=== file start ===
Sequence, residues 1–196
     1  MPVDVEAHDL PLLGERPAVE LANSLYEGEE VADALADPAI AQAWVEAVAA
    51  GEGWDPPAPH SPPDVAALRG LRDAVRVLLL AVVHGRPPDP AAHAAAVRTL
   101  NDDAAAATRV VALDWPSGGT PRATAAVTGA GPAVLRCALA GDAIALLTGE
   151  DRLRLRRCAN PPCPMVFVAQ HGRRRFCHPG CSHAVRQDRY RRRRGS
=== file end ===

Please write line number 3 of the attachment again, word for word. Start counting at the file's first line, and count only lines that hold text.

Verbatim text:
    51  GEGWDPPAPH SPPDVAALRG LRDAVRVLLL AVVHGRPPDP AAHAAAVRTL